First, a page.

Members of Congress have introduced legislation by which the Federal government would work with state governments to expand access to pre-kindergarten and kindergarten for low income families.
Respondents were introduced to a proposal for expanding free educational programs for children aged four or younger, based on S. 473, H.R. 2528 and H.R. 3604 from the 114th Congress. They were told:
Another major proposal for helping families in poverty is to expand access to early childhood education. This has two benefits for families in poverty:
- It provides education to poor children.
- It provides childcare for working parents.
Currently, only a small number of 4-year-old children in low-income families attend pre-kindergarten programs. The federal government could provide funds to help states build or expand programs, so that more 4-year-old children from low-income families have access to such programs.
Currently, only a small number of children age 3 and under in low-income families have access to the Early Head Start program, which helps some states provide care and early education to infants and toddlers from low-income households.
The proposal for the federal government to help states build, or expand and upgrade, their early childhood education programs would:
- Make pre-kindergarten available to all 4-year-olds in low-income families. To qualify, for example, a family of three (a single parent and two children) would make less than $37,540 per year.
- Expand the availability of Early Head Start programs to more children aged three and under from low-income families. To qualify, for example, a family of three (a single parent and two children) would make less than $18,770 per year.
This proposal would cost the federal government about $8 billion per year.
Surrounding this proposal is a controversy about the long-term effectiveness of such preschool programs for poor children. Research indicates that poor children who go through such programs do better when they enter school, but this advantage fades after the first one to two years. However, there is also some evidence, though not as strong, that in high school some of these advantages reappear. Also, proponents of the proposal emphasize that with more research improvements can be made to increase long-term effectiveness.
Presented arguments for and against expanding access to early childhood education, the argument in favor did substantially better (81% to 49%). The pro argument was found convincing by majorities of both Republicans and Democrats. The con argument was found convincing only by a majority of Republicans, with just one third of Democrats feeling the same.
Respondents were then asked whether they would favor or oppose a proposal that would:
- Make pre-kindergarten available to all 4-year-olds in low-income families; and
- Expand the availability of Early Head Start programs, which provide care and early education from birth until the age of 3 for infants and toddlers from low income households.
Over seven in ten supported the proposal. A large majority of Democrats favored the proposal (90%) as did a bare majority of Republicans (52%).
Related Standard Polls
A bipartisan majority has favored providing free pre-kindergarten to children in their state:
- Asked whether they favor, “providing free pre-kindergarten services to all children in your state”, 80% were in favor, including 65% of Republicans and 91% of Democrats. (April 2017, PRRI)
In a question that framed the issue of pre-kindergarten in terms of local taxpayer support versus parents paying for their own children, two thirds favored local taxpayers supporting pre-kindergarten, with Republicans divided.
- Asked whether “pre-kindergarten programs in your state should be supported by local taxpayers like public schools,” or “parents [should] be obligated to pay for such programs for their children themselves,” 66% chose taxpayer funding, including 79% of Democrats. Republicans were divided, with 49% choosing taxpayer funding and 50% parent funding. (April 2017, PRRI)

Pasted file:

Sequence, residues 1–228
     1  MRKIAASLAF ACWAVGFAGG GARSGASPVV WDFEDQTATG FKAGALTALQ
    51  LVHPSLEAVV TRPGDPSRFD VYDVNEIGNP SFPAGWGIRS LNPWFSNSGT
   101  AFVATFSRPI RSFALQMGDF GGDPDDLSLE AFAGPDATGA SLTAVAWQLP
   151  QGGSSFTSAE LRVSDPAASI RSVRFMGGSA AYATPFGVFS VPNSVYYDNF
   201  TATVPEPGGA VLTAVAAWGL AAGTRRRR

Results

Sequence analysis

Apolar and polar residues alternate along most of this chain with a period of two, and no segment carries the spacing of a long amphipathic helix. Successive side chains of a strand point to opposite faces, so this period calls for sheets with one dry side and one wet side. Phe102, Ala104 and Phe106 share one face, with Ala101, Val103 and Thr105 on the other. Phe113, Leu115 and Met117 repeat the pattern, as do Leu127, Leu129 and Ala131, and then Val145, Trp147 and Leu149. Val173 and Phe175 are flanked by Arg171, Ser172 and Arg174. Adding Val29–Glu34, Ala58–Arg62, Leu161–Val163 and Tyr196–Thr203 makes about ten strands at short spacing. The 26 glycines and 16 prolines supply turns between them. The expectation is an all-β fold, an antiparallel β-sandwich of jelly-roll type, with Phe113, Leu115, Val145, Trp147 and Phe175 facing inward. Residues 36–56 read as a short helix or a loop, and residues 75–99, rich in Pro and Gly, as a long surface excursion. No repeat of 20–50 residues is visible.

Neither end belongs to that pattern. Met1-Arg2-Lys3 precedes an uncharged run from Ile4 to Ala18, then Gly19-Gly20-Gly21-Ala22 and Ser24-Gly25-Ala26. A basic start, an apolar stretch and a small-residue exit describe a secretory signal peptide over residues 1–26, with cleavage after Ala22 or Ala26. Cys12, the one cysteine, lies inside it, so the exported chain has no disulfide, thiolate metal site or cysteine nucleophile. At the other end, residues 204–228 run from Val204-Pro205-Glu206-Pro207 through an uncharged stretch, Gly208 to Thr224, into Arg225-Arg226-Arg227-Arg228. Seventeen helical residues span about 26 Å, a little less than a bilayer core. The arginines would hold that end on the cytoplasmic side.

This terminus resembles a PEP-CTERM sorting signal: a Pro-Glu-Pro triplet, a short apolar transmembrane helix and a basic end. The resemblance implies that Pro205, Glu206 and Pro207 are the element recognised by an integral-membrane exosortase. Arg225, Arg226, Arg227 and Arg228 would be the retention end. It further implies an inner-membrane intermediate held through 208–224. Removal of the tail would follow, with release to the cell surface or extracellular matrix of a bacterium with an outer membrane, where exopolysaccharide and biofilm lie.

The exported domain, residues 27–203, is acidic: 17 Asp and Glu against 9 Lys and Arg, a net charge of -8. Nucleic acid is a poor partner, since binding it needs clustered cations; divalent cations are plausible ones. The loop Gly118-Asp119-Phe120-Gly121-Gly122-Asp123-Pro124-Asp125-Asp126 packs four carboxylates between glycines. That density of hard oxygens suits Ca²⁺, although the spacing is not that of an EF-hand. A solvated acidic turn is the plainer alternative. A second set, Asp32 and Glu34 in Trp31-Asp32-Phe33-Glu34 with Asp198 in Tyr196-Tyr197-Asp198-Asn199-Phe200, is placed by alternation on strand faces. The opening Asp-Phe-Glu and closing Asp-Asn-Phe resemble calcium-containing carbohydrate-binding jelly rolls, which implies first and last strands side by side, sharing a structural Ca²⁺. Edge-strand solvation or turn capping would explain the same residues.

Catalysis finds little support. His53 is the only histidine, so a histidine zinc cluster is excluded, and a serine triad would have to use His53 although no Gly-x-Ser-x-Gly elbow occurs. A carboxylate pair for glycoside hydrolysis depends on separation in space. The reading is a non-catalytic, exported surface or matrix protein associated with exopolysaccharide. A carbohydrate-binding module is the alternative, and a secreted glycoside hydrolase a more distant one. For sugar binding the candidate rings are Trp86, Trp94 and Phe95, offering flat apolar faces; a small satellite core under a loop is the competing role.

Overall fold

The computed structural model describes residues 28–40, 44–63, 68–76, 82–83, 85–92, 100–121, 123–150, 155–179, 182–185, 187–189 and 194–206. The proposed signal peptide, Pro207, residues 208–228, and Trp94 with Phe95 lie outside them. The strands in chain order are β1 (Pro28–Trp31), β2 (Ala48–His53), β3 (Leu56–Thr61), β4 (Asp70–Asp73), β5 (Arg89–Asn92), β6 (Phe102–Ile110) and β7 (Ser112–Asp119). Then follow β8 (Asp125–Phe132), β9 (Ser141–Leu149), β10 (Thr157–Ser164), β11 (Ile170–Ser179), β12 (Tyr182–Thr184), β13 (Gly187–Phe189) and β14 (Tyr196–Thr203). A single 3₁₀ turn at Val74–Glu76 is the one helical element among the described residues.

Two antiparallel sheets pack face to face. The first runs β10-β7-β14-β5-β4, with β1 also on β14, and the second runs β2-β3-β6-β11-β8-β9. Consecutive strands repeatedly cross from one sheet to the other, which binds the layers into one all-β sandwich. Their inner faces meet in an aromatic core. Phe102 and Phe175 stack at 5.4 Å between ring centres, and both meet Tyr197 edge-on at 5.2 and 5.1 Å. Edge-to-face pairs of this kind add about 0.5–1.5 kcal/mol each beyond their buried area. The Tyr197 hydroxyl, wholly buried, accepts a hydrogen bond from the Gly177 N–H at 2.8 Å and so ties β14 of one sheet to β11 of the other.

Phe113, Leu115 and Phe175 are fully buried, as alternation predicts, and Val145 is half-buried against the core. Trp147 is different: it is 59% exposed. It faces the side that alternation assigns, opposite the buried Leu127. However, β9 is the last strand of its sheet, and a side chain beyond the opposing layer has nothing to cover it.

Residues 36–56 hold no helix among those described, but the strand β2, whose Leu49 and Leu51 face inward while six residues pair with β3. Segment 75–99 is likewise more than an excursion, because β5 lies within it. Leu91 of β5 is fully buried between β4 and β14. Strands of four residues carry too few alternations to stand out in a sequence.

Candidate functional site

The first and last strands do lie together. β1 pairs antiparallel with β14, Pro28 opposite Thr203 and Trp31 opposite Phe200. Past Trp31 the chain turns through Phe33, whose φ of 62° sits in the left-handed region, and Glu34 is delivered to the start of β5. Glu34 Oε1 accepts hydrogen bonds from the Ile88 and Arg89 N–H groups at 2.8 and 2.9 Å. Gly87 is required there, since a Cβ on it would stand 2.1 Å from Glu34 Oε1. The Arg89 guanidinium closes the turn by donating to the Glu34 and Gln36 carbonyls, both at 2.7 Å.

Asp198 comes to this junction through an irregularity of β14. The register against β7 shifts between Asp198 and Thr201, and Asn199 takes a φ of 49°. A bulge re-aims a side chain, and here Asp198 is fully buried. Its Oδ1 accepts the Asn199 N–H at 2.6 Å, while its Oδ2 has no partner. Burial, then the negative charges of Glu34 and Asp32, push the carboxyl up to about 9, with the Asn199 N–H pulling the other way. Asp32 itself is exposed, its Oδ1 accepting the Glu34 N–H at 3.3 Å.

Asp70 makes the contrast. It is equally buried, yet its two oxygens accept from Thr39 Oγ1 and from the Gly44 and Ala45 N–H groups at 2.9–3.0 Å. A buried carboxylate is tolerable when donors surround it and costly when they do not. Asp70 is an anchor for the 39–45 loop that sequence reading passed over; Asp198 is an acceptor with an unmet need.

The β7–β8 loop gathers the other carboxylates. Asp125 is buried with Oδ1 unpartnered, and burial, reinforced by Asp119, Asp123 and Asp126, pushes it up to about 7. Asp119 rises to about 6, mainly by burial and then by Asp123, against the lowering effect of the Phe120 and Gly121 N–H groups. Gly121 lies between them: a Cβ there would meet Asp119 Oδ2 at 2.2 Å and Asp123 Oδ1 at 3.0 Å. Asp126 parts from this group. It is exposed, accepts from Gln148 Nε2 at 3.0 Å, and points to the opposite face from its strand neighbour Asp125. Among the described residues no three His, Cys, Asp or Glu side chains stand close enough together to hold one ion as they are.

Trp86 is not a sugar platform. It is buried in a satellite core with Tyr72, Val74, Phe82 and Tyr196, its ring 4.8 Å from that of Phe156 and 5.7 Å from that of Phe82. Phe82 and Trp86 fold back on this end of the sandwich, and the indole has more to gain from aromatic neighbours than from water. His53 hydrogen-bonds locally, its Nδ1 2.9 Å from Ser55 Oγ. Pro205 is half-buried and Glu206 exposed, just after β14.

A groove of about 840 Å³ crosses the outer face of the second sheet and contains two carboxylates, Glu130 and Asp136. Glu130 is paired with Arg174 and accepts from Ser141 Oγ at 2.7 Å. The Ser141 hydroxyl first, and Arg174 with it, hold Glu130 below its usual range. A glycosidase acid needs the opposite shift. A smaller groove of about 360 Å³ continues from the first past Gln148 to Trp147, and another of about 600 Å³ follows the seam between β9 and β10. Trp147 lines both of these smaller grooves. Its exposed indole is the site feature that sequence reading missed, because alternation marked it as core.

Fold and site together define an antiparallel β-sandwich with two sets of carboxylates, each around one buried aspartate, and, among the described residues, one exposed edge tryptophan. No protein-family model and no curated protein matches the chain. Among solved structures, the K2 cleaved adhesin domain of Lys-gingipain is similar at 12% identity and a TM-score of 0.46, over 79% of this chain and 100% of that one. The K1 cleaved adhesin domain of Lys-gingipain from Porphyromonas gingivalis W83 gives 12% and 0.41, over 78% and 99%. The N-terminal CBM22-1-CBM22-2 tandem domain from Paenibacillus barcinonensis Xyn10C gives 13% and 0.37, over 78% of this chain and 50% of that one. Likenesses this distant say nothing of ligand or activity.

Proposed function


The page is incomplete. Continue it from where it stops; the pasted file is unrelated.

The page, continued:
In a question that asked respondents to choose between federal funding for programs for all children or letting the states decide, attitudes broke sharply along party lines.
- Asked whether “the federal government should fund pre-kindergarten programs for all children nationwide,” or whether “funding pre-kindergarten programs for all children [should] be left to each individual state government to decide,” 52% endorsed the latter, and 47% the former. Among Republicans, 70% chose letting states decide. Among Democrats, 65% chose federal funding. (February 2014, CBS/New York Times) [Note: The legislative proposal explored in the PPC study that elicited bi-partisan support envisioned the federal government taking the lead, but working with state governments.]
When placed in the context of the federal deficit, a majority found unacceptable the idea of reducing spending on the Head Start pre-kindergarten program, but a majority of Republicans found it acceptable:
- Respondents were told they would be introduced to “a number of programs that could be cut significantly as a way to reduce the current federal budget deficit.” Asked whether they thought that “significantly cutting the funding” for the “Head Start pre-kindergarten program” was acceptable or unacceptable, 56% found it unacceptable, including 70% of Democrats. Among Republicans, 38% found it unacceptable and 61% acceptable. (February 2011, NBC/Wall Street Journal)
Status of Legislation
The proposal to expand access to pre-kindergarten and kindergarten for low income families was in S. 473 sponsored by Sen. Tom Udall (D), H.R. 2528 by Rep. SusanDavis (D) and H.R. 3604 by Rep. Eleanor Holmes Norton (D) in the 114th Congress. The proposal was reintroduced by Rep. Eleanor Homes Norton (D) in H.R. 5906 in the 115th Congress.
In the 116th Congress, were two pieces of legislation ithat would provide universal access to early childhood education:
- The Universal Pre-kindergarten and Early Childhood Education Act (H.R. 4213), sponsored by Rep. Eleanor Holmes Norton (D), which would give grants to states to cover up to 80% of the costs of providing free pre-kindergarten and kindergarten to all children; and
- the Universal Full-Day Kindergarten Act (H.R. 1971) by Rep. Ruben Gallego (D), which would give states grants to provide free kindergarten to all children.